5 min read.Updated: 12 Sep 2021, 11:16 PM ISTManu Joseph
As an Indian, my standards for urban beauty are so low that all I want is to see traffic in straight orderly lines of vehicles. Even a traffic jam where cars wait one behind the other in straight lines and in silence will do.
I have had enough. I announce that I have become a revolutionary activist. I will overtly and covertly push the nation towards my goal. What I want is straight lines. That is all. A bit of urban order and beauty on the streets, that is all. I wish the end of our feral civic freedoms, of our zigzagness, that daft rural informality in everything, and that look of surprise on an Indian’s face when a mishap occurs as the most logical outcome of his actions. As an Indian, my standards for urban beauty are so low that all I want is to see traffic in straight orderly lines of vehicles. Even a traffic jam where cars wait one behind the other in straight lines and in silence will do.
I want other people to fight for this because I am very busy. But I don’t expect any career activist or even one of those good fellows with a ‘moral compass’ to fight for straight lines. The thing about Indians is that we are obsessed with grand useless things— like culture, identity, ideology and obscenity. But what life is almost entirely made up of are little things. Like going in a car some place, or walking to a local market. And India makes little things unpleasant.
For many years, I waited for a new kind of activist to rise—the useful kind, the activist for small things. The type of person who will create a campaign for small liberations, like silencing the boors who speak on the phone inside a theatre, or creating a community of Indians who would block the path of any vehicle that drives on the wrong side of the road. But our activists are all grand people. You take any contemporary ‘humanitarian’ and ask what exactly has this guy achieved, and you will realize they are just people who say the right things, important things, nice things, but have not transformed much on the ground.
So I have to do it myself.
Is there a particular per capita income that a nation achieves after which people start driving like they do in advanced countries? When they start driving in lanes, stopping behind white lines, letting pedestrians cross without trying to beat them to it in some unspoken game. When traffic signals don’t turn to blinking orange for reasons no one knows; when all signals work all the time. When the edges of roads are not ambiguous and can be seen as distinct from curb-side pavements. When all trains have automatic doors, and air-conditioning is not considered a special favour.
These things do not require a society to be very rich. In fact, as a middle-income nation, India already has the money to look good. Yet, it looks ugly, out of habit. At the street level, most nations look richer than they actually are; India in plain sight looks poorer than it actually is.
My cause is hard because the sort of beauty I am talking about, beauty in public spaces, has a formidable foe—India itself. The country’s general urban ugliness is not intended, but it is not without reason.
In wealthy nations, the ambient affluence makes it miserable to be poor, or to be even someone who is going through a rough patch. Their ancient buildings are grand, the new shine, and everything suggests people are doing well. It is disturbing for the poor and the other luckless. India, on the other hand, makes you feel everyone is doing poorly. In fact, India makes you feel you’re doing better than most people. Its vast urban ugliness is about that. After the British ruined us, we were poor for many decades, and ugly public spaces reassured most Indians that they are not alone, or that public spaces belonged to them. Order on the streets was a form of aesthetic beauty that made Indians feel like outsiders in their own nation.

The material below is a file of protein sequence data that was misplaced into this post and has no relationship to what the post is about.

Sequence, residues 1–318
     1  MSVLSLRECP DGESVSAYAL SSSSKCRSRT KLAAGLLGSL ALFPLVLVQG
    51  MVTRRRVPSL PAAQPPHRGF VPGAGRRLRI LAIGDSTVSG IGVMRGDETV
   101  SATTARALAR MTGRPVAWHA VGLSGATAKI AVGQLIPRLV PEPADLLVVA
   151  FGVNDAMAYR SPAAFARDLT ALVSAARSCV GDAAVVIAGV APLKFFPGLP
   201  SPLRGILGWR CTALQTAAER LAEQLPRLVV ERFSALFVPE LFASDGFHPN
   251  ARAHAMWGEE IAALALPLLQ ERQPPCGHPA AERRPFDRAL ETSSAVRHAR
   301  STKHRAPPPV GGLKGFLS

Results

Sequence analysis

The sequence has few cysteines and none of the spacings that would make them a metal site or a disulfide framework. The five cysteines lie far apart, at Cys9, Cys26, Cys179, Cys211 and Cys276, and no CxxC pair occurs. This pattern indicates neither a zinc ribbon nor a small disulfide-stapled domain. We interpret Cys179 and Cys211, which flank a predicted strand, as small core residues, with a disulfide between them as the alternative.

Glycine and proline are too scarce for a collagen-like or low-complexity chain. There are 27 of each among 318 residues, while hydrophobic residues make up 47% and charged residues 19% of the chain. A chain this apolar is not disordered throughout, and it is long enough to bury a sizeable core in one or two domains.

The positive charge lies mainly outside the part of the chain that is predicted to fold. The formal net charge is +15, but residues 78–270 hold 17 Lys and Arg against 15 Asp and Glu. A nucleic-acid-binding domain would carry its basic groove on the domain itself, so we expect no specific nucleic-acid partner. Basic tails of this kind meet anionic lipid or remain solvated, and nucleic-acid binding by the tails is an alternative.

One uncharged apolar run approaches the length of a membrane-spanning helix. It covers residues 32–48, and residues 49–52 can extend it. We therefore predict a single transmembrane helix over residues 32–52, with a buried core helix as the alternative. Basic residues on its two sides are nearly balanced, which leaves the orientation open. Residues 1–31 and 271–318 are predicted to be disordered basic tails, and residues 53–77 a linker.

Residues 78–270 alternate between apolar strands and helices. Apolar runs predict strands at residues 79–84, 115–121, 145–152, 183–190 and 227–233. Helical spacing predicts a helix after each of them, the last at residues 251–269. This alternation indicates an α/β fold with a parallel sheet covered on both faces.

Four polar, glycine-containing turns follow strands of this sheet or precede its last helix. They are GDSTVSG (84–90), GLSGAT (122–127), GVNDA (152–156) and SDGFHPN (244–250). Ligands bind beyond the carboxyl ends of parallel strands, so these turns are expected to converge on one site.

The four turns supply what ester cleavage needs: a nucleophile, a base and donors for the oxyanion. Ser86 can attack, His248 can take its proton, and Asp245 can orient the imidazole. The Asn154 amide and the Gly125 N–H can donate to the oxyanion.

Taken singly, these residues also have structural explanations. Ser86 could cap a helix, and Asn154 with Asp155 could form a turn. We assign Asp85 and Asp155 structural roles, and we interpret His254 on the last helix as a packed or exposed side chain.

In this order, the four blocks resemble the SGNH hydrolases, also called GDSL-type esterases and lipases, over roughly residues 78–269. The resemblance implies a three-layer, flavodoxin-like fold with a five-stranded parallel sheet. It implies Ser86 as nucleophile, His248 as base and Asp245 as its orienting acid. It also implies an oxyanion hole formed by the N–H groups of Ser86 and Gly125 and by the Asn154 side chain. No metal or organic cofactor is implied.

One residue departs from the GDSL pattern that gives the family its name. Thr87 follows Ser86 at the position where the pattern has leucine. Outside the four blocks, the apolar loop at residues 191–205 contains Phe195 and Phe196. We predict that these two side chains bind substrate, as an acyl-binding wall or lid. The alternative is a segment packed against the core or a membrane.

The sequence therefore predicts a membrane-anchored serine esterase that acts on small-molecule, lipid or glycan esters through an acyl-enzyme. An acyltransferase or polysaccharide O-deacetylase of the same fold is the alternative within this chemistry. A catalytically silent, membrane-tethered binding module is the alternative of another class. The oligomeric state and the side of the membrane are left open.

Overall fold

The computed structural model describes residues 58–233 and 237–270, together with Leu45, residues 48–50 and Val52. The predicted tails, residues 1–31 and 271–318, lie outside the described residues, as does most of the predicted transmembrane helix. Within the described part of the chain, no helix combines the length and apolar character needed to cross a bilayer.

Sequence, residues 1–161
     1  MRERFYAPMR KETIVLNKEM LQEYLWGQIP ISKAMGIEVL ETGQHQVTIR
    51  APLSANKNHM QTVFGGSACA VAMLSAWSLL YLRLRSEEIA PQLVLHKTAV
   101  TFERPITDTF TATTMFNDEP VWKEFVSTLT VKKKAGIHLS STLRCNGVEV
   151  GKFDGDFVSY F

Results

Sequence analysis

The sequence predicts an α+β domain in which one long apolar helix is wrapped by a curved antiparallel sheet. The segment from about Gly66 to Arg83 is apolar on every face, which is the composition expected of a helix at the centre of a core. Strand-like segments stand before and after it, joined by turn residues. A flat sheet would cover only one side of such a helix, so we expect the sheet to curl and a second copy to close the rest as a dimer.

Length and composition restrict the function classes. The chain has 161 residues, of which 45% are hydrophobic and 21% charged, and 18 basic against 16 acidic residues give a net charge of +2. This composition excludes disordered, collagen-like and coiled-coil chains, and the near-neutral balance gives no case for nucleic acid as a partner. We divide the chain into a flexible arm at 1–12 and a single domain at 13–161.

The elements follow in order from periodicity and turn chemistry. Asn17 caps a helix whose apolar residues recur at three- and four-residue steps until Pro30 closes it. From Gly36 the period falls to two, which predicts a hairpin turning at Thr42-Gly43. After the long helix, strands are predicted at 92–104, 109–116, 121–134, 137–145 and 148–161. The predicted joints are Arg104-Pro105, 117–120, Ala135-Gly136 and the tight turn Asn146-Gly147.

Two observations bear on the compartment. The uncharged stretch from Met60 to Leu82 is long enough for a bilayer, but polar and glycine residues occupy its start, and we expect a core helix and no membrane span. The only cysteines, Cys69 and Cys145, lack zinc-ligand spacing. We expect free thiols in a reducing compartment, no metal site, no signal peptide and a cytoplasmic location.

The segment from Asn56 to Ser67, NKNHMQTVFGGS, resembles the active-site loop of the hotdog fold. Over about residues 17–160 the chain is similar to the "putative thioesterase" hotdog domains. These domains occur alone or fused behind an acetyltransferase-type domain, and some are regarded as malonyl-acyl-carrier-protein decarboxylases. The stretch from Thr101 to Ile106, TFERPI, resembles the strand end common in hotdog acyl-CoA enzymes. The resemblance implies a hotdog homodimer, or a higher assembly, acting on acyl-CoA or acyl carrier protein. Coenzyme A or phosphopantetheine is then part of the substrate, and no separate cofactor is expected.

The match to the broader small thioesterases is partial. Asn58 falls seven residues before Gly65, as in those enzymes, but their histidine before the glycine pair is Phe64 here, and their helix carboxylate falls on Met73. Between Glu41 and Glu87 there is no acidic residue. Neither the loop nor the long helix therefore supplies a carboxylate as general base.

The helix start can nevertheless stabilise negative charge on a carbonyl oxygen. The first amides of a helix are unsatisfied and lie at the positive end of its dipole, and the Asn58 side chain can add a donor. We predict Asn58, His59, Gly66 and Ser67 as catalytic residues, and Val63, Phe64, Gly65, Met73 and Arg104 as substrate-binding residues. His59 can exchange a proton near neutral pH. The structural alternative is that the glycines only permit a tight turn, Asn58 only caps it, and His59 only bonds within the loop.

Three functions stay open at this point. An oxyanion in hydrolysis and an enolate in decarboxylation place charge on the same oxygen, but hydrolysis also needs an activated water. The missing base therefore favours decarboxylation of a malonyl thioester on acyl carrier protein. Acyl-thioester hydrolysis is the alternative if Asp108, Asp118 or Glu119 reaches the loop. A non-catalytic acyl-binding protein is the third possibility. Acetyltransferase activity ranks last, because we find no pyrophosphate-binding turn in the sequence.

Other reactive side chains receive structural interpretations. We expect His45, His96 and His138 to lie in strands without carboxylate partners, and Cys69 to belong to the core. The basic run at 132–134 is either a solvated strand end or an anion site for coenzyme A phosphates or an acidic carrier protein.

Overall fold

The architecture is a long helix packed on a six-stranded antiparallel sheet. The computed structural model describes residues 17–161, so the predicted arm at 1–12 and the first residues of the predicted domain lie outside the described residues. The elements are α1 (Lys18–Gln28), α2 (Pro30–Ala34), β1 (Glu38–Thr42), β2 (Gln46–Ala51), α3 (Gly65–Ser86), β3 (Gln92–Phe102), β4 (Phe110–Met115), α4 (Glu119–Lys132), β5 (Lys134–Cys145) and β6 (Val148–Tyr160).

But then, a nation is a habit. And Indians have grown used to some shine. Swanky airports and air-conditioned metro stations are not fiefdoms of the rich, as some has-been intellectuals have claimed. Rather, they are proper public spaces today. In that way, the time has come for a more complex form of beauty, and it can be enforced without alienating Indians.
There is a mistake that India makes when it tries to enforce good ideas. It does not recognize that it has to do its part first before asking people to do theirs. First design good roads, fill all the potholes, mark all the lines, ban the traffic department from having fun with blinking orange lights, ensure that all signals work at all times, and only then can people be expected to follow order. To be authoritarian, you first have to be useful. But how can I influence India to do all this?
Trying to do anything good in India without the support of politics is mere posturing. As I am incapable of winning an election even on my lane (especially my lane), I can only try to influence some politicians. I need to identify one district where a politician who is a secret fan of straight-lines and beauty has considerable sway, and which can become a national model for public aesthetics and order. It will not be hard for me to convince him or her that order and beauty are so rare in India that they would be instantly noticeable, compared to other forms of social good, which are abstract. Also, I will try to convince other authoritarian politicians that the best way to discourage agitations is to make order sacred. It is very expensive to break law and order on the road when there is law and order in the first place.
I will adopt other tactics, too, but I can’t tell you. I believe I will succeed because I do this for myself, for selfish reasons, the only kind of revolution that can succeed. I have already said too much.
(Manu Joseph is a journalist, and a novelist, most recently of ‘Miss Laila, Armed And Dangerous)
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